America 'unsure' where Iran's uranium was stored

State Department official says Washington doesn't know the precise location of the uranium Iran shipped out to Russia.

Elad Benari ,

Nuclear power plant (illustration)
Nuclear power plant (illustration)
Thinkstock

A State Department official admitted on Thursday he was unsure of the precise location of tons of low-enriched uranium shipped out of Iran on a Russian vessel as part of the nuclear agreement with the West.

Speaking to the House Foreign Affairs Committee and quoted by AP, Ambassador Stephen Mull, the lead U.S. official overseeing the deal’s implementation, explained that the stockpile is a Russian custody issue.

He said, however, the U.S. is confident the material will be controlled properly.

“We obviously have had many differences for many years with Russia,” Mull said, according to AP. “But one of the features of our relationship is pretty close cooperation and protection of nuclear material.”

In late December, Iran sent a major shipment of low-enriched uranium materials to Russia, described by the United States as 25,000 pounds of "low-enriched uranium materials."

This paved the way for the International Atomic Energy Agency’s (IAEA) subsequent announcement that Iran met its initial obligations under the terms of the nuclear deal, enabling the implementation of the agreement and lifting of the sanctions on Iran.

Following Thursday’s hearing, a senior administration official told AP the Iranian stockpile is in Russia, where it will be stored in a secure location. The official was not authorized to speak publicly and requested anonymity.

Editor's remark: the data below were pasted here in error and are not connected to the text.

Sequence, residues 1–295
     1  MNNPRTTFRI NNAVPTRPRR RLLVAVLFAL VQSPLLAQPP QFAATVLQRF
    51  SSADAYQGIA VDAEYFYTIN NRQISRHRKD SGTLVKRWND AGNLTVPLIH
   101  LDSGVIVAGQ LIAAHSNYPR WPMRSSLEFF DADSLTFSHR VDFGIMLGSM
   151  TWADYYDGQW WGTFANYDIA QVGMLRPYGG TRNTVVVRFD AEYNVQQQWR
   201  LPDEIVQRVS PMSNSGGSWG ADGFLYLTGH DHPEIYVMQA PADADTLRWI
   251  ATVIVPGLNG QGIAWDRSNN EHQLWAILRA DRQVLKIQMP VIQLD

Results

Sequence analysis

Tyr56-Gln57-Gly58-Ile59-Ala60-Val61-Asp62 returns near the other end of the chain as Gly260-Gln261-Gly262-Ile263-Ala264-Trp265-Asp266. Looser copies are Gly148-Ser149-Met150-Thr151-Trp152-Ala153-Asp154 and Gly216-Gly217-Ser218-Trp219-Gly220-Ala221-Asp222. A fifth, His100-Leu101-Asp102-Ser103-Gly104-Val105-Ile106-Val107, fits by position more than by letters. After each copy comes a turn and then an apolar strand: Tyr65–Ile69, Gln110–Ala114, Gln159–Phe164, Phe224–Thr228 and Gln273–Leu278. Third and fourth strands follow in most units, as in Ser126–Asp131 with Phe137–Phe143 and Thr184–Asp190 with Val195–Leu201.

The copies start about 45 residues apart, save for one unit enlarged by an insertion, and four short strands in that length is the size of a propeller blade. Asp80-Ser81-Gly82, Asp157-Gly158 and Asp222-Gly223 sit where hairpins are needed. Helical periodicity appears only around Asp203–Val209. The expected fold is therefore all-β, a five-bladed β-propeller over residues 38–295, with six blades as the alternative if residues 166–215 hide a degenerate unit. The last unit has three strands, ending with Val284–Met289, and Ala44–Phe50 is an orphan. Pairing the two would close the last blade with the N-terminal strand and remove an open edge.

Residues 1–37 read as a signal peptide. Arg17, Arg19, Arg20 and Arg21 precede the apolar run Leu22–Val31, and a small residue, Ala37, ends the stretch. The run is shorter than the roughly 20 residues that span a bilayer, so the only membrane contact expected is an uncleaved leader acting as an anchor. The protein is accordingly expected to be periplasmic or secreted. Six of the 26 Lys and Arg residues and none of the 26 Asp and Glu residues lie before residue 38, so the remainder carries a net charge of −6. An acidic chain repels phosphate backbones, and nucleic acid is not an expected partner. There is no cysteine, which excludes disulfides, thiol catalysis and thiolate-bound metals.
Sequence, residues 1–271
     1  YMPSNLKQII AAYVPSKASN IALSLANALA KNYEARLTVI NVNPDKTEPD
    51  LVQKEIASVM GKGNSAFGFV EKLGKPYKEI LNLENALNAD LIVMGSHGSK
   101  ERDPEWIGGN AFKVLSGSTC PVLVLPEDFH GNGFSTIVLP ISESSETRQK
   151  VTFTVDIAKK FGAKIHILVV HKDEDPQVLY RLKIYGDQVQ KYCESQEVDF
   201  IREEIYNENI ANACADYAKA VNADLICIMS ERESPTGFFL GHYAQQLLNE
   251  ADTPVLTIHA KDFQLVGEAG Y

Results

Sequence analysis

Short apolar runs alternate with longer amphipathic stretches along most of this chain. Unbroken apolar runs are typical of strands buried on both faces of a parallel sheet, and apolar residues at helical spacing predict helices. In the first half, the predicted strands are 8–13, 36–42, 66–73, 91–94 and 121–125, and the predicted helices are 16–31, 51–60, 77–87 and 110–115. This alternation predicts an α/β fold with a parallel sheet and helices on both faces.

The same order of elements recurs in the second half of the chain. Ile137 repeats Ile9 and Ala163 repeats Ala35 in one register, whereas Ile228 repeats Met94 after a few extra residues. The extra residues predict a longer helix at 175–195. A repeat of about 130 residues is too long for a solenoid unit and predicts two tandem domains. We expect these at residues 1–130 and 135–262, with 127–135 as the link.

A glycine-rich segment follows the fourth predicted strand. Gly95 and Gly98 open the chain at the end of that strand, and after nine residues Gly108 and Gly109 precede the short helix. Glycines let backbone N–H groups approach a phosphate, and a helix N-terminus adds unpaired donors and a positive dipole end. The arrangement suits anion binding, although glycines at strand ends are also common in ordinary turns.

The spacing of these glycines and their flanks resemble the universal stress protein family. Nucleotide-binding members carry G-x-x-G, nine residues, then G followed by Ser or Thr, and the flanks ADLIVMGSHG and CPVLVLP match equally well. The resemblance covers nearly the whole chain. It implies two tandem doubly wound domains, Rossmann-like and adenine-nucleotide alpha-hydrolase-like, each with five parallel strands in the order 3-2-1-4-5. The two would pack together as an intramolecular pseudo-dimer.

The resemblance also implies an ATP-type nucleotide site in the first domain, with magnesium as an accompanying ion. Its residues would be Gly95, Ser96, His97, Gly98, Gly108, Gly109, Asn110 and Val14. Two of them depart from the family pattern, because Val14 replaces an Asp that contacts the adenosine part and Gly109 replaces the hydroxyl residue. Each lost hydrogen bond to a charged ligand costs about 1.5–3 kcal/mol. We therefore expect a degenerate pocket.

But critics of the nuclear deal seized on the shipment’s status as an example of the agreement’s flaws. Rep. Chris Smith (R-NJ), said in a statement that it’s “outrageous and unbelievable” that Russia is being trusted to be the repository for such sensitive material.

Russia is a close ally of Iran, said Smith, who added that he is unaware of a requirement in the nuclear agreement that requires Russia to declare where the material will be stored and how it will be safeguarded.

But Mull stressed that the United States does “not have concerns about Russian custody of this material”. What’s important, he said, is that it not be returned to Iran.

Mull said there are sufficient monitoring systems in place to know if even “one piece of dust of that material goes back.”

The removal of the sanctions on Iran came despite a December 2 report from the IAEA which concluded that Iran made a "coordinated" effort to develop nuclear weapons in the past, although the efforts apparently ended at an early stage.

The UN watchdog had also previously released a report which determined that Iran had violated the terms of its nuclear deal with the West by increasing its stockpile of low-enriched uranium by 460.2 kilograms.



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